It is even proven in practice, as it is used by one of the Top 100 websites worldwide and one of the Top 10 websites in Japan: Livedoor

Xslate in comparison to TT:

  • faster startup
  • faster processing
  • strict mode by default
  • much more advanced strict mode that catches inconsistencies beyond just "var is undef"
  • detailed errors that show the exact template position
  • automatic HTML entity escaping (XSS-safe)
  • actively maintained and not just left to languish
  • syntax is straight-forward and modern perl

Two things to note for your special case:

  1. As you're porting from TT, you might want to pass syntax => 'TTerse' to the constructor to get a syntax that's designed to be as close to TT as possible.
  2. When generating non-HTML, you want to pass type => 'text' to the constructor to disable html_escape interpolation.
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I agree that xslate meets most of my specification. But since Template Alloy addressed my major problem (cryptic error messages) and has syntax similar to TT (less migration headache) I am going with it for my project –  vijayvithal Jan 28 '13 at 15:26
    
You did see the note i wrote about enabling TT syntax in Xslate? There is not a single thing T::A is superior to Xslate in, and a number of things where it's actively inferior. You opted for the worse choice here, for what can only be described as "no reason whatsoever". –  Mithaldu Jan 28 '13 at 15:29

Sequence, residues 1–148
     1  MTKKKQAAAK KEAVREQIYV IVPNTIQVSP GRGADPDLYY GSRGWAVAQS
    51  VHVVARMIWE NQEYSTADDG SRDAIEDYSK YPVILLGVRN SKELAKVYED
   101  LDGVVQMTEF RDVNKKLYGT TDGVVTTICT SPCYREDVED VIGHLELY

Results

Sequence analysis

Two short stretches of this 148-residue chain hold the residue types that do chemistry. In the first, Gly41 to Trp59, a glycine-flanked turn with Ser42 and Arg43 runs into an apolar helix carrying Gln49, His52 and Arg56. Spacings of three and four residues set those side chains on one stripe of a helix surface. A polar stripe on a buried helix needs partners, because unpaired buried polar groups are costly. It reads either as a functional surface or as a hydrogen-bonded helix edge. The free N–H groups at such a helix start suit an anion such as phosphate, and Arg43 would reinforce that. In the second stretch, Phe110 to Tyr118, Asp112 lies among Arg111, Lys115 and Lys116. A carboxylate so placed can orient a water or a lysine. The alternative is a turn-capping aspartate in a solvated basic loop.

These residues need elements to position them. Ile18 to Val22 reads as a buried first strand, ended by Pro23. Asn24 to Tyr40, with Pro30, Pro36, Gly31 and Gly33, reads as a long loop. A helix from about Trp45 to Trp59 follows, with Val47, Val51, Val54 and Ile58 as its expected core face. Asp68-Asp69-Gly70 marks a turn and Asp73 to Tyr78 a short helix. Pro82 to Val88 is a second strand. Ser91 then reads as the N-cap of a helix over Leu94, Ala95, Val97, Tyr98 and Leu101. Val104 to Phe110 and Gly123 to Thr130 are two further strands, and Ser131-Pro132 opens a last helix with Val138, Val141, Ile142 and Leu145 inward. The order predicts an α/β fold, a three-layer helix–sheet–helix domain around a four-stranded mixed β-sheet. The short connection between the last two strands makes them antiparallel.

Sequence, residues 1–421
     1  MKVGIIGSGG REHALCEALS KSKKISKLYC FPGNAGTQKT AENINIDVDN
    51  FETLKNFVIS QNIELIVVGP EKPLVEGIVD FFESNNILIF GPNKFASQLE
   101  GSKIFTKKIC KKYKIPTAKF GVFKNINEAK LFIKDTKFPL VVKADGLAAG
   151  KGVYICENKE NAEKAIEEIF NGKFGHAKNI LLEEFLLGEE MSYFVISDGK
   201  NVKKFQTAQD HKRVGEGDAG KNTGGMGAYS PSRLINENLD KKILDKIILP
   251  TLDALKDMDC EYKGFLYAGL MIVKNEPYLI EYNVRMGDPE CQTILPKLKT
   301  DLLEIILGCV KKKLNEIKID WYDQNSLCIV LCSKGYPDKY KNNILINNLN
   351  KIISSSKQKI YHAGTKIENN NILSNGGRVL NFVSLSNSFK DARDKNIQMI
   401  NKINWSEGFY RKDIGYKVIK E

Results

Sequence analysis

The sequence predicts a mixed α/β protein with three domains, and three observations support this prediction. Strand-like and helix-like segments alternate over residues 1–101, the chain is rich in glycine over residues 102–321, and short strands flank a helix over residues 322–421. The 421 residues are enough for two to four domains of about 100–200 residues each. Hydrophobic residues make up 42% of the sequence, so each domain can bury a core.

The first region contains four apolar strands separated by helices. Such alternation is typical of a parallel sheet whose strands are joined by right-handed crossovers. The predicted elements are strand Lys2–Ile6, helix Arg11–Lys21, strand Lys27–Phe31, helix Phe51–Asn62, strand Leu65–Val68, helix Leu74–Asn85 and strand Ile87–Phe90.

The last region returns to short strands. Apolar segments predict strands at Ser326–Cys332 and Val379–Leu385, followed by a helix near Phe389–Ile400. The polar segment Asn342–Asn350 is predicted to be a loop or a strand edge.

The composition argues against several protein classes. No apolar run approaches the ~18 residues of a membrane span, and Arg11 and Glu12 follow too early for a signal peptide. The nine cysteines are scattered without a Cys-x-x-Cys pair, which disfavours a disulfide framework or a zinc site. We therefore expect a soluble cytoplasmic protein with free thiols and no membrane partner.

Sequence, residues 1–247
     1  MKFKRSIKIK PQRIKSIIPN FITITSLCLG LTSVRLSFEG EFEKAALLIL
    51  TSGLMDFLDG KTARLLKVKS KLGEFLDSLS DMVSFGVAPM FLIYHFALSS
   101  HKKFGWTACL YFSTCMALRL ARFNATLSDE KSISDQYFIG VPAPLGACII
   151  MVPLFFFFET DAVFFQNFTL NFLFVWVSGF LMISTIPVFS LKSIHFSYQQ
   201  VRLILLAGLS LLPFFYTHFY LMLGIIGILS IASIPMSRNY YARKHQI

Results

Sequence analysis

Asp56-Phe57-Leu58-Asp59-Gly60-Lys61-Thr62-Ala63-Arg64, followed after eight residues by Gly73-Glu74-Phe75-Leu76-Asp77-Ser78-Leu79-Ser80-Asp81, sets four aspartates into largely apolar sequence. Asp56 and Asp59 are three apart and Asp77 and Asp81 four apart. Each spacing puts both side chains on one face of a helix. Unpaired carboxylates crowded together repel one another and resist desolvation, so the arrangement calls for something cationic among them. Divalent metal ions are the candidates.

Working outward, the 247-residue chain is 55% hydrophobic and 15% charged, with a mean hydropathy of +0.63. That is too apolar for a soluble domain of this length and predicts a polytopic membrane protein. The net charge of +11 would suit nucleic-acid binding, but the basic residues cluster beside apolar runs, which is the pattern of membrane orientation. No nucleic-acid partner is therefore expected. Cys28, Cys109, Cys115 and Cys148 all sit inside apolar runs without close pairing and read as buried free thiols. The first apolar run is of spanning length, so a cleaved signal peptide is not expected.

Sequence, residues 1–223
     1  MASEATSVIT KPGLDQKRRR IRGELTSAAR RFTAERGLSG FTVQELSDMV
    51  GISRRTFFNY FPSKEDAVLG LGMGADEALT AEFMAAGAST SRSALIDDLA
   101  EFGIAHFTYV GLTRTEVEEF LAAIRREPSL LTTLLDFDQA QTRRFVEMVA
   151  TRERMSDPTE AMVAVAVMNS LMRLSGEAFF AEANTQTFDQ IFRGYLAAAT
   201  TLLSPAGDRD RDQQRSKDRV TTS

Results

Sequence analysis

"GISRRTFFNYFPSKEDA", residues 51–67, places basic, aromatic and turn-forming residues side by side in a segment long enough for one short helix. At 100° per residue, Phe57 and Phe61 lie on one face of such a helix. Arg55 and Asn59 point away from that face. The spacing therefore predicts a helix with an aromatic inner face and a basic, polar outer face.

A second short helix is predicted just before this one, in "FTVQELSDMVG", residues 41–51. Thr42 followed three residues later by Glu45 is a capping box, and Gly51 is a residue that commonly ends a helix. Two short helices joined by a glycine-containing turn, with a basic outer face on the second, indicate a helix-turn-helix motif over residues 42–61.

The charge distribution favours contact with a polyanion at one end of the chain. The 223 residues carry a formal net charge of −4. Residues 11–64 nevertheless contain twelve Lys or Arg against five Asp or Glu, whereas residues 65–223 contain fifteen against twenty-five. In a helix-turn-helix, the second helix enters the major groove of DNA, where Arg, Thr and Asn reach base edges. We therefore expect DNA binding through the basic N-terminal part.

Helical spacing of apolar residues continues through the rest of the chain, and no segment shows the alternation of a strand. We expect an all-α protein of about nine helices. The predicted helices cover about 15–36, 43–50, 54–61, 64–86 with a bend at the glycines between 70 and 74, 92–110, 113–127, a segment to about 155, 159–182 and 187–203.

1  
I agree that you may be right. I will do an eval of Xslate on of these days. If as you say XSlate supports the complete TT Syntax the transition should be seamless. I will comeback and comment on this thread once I am done with the eval –  vijayvithal Feb 27 '13 at 11:02
    
I did not expect an answer to this, so i have to say: Thank you. :) As a note, the TT syntax is not completely supported, but enough of it is supported that transitions should be quite trivial. :) –  Mithaldu Feb 27 '13 at 12:49

I can suggest HTML::Template:Compiled (but note I'm the author ;-)

It is quite compatible to HTML::Template, but has additional features.

Support for complex data structures

yes

Good error reporting and debug capabilities.

You can debug cache hits, misses, automatically add template filename to output and can use a filter "DUMP" for the current variable in stash (or any variable). If it's easy to implement I'll happily add more useful debugging.

Stable and proven ( no alpha/beta level engines)

I would consider it stable now, with the documented limitations/bugs (for example query())

Extensible (plugin's etc)

supports escape (filter) plugins and more, though the latter is not documented very well yet.

Should not be restricted to a given language (html etc.)

yes

support for IF/Else, looping(foreach while), Loop indexing, etc.

yes

Preferably perl

yes

Support for data dumper or equivalent plugin from within the template is a plus